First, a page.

Just last month, Vice President Mike Pence toed the hard line against North Korea. During the opening ceremony of the Winter Olympics in South Korea, he refused to stand when the joint Korean team entered. He ignored the presence of Kim Yo-jong, the sister of the Kim Jong Un, the North Korean leader. She sat 10 feet away. Pence reflected the Trump White House strategy of “maximum pressure.”

On Thursday evening, all of that seemed to change, suddenly and unexpectedly. President Trump accepted the invitation of Kim to sit down and talk. That isn’t to say the pressure will ease, most notably in the form of economic sanctions. The acceptance does go to the diplomacy that has been sorely missing.

The past year, the two leaders have engaged in what amounts to an exchange of insults and taunts, unnerving many in view of North Korea leaping ahead in its development of nuclear weapons. Would the two stumble into conflict? In that way, the prospect of meeting and negotiating represents a favorable turn.

What changed? More than anything, President Moon Jae-in of South Korea has pushed an agenda of outreach to North Korea. With the new year, Kim Jong Un has reciprocated, starting with the joint Olympic team and a series of productive conversations.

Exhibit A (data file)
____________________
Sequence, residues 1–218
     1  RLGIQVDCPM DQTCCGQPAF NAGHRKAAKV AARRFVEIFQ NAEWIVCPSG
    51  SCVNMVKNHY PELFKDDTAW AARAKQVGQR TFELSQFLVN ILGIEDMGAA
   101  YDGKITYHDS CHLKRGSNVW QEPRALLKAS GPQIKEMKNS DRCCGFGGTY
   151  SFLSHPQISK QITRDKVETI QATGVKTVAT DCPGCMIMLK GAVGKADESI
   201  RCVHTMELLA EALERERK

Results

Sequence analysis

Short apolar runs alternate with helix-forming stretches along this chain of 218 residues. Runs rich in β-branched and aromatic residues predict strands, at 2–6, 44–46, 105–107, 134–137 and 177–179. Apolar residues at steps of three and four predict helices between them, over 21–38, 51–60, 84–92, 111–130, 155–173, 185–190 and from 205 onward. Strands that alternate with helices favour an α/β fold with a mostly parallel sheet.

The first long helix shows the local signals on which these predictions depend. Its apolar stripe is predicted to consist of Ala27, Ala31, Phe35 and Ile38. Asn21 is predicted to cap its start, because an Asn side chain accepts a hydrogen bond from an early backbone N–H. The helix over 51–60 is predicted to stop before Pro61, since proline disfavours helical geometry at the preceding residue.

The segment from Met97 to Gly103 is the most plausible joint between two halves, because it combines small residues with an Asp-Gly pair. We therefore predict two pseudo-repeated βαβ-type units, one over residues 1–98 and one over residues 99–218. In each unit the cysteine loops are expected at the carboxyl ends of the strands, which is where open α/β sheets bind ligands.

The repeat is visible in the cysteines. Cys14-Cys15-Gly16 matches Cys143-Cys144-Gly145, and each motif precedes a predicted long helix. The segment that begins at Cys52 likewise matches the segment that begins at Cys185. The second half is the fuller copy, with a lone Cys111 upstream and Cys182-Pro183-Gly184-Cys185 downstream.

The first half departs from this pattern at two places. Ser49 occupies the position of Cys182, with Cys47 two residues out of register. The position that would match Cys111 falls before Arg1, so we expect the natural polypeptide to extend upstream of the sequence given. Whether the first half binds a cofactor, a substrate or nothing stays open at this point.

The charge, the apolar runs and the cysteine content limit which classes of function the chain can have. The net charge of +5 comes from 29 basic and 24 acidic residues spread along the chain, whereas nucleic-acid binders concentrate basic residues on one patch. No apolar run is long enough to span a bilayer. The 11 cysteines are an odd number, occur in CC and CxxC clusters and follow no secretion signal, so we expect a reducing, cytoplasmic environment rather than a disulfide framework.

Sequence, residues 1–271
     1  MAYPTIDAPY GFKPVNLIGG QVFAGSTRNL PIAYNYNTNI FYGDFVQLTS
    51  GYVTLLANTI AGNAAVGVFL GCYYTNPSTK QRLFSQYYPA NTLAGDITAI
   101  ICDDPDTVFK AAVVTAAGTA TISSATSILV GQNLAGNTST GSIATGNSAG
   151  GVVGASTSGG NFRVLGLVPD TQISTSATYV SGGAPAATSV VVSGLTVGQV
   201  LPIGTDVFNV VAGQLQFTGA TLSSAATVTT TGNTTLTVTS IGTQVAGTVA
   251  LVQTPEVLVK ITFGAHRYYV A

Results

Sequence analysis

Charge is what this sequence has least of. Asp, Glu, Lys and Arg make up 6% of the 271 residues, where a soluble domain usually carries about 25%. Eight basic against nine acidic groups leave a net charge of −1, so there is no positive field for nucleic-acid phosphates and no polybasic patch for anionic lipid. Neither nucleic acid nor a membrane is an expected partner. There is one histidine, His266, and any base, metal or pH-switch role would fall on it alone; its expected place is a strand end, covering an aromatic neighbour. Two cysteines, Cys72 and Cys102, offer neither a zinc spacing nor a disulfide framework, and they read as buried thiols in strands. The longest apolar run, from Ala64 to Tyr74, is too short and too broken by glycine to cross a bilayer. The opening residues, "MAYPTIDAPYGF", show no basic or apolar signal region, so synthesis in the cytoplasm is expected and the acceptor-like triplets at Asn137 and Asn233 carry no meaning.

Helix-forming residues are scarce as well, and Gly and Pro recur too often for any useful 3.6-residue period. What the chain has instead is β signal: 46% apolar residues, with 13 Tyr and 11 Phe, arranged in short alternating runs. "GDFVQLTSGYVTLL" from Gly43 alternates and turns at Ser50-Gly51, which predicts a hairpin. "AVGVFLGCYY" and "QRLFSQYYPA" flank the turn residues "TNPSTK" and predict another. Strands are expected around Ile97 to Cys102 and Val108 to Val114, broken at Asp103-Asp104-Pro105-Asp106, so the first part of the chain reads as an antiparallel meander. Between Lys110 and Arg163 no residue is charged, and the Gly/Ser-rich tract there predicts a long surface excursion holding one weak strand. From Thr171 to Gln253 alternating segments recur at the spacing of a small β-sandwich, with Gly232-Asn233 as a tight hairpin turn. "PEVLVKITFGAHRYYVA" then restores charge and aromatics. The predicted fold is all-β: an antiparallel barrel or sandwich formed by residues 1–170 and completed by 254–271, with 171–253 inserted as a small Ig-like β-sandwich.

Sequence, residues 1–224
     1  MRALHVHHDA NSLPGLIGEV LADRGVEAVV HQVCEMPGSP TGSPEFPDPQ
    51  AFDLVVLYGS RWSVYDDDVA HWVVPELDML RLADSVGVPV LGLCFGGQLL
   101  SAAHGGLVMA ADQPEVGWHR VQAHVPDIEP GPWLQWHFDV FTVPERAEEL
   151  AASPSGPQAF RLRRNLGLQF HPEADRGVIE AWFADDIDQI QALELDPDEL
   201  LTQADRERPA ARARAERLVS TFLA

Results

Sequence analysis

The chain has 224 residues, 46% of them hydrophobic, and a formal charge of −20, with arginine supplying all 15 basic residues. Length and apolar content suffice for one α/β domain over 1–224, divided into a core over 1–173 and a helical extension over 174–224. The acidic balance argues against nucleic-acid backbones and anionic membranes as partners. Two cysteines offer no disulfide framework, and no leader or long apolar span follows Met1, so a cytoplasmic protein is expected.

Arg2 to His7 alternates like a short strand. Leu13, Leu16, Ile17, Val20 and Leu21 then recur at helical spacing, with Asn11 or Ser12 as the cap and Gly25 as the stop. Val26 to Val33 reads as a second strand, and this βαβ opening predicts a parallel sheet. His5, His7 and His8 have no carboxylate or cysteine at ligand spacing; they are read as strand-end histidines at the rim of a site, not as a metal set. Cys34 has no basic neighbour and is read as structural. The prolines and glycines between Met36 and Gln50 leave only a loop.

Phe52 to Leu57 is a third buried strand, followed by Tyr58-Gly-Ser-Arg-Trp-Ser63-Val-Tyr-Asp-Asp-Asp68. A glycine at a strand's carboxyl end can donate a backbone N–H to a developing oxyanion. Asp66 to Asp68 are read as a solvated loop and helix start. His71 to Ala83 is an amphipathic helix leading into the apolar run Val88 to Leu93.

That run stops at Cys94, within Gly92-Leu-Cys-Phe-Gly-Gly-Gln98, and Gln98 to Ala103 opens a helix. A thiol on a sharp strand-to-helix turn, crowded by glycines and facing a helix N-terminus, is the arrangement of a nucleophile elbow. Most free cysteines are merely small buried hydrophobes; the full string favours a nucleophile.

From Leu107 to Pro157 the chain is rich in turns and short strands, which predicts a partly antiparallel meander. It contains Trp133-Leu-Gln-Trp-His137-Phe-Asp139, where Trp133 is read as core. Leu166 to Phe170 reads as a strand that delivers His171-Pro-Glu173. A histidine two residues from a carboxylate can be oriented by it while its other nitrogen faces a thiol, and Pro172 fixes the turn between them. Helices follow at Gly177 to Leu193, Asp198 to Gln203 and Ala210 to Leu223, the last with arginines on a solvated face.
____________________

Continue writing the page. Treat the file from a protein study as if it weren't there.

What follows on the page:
Kim recently told South Korean officials that he would talk with the United States about the future of his country’s nuclear program. He added that during the talks, he would suspend nuclear missile tests and register no objection to the United States and South Korea conducting military exercises. That is an overture worth exploring, especially when South Korean officials carry the Kim invitation to the White House.

Exploration takes many forms. In jumping to an early meeting with Kim, the president has departed from convention. What deserve calibration are the expectations. Both leaders have proved impulsive and brash. Add the long animosity between the two countries, and there is a good chance the meeting will not take place.

If it does go forward, this isn’t something an ill-prepared and ill-informed President Trump can improvise. Kim and North Korean officials fulfill an ambition in just meeting, their brutal regime on a par with the American side. What will Washington get in return?

Hard to imagine ever seeing North Korea give up its nuclear weapons, let alone in one meeting. Progress, realistically speaking, would be establishing a diplomatic presence in each country, or a framework for future talks or a pledge to halt missile tests and enrichment. If the way the meeting has emerged is unconventional, little has changed about how relations are built and sustained. That takes knowledge, understanding, diligence and political skill.

President Trump isn’t doing this alone. He must bring along Japan, China and Russia, all while coordinating with South Korea. There are many scenarios for this gambit falling apart. What is encouraging to see is diplomacy entering the scene, negotiation more productive than bluster.